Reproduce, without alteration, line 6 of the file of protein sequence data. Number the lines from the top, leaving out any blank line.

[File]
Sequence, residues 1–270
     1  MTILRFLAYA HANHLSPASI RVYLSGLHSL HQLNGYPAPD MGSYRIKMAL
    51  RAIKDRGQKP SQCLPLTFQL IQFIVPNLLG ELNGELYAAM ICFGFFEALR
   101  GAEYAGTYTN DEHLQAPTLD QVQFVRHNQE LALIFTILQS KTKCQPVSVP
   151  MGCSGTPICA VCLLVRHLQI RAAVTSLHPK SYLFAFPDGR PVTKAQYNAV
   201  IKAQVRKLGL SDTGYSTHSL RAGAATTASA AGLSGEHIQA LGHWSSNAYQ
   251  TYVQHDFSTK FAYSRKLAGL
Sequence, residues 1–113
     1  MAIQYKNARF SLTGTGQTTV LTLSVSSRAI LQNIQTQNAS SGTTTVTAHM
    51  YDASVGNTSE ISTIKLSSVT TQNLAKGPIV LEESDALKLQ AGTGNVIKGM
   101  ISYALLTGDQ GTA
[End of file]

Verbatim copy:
   201  IKAQVRKLGL SDTGYSTHSL RAGAATTASA AGLSGEHIQA LGHWSSNAYQ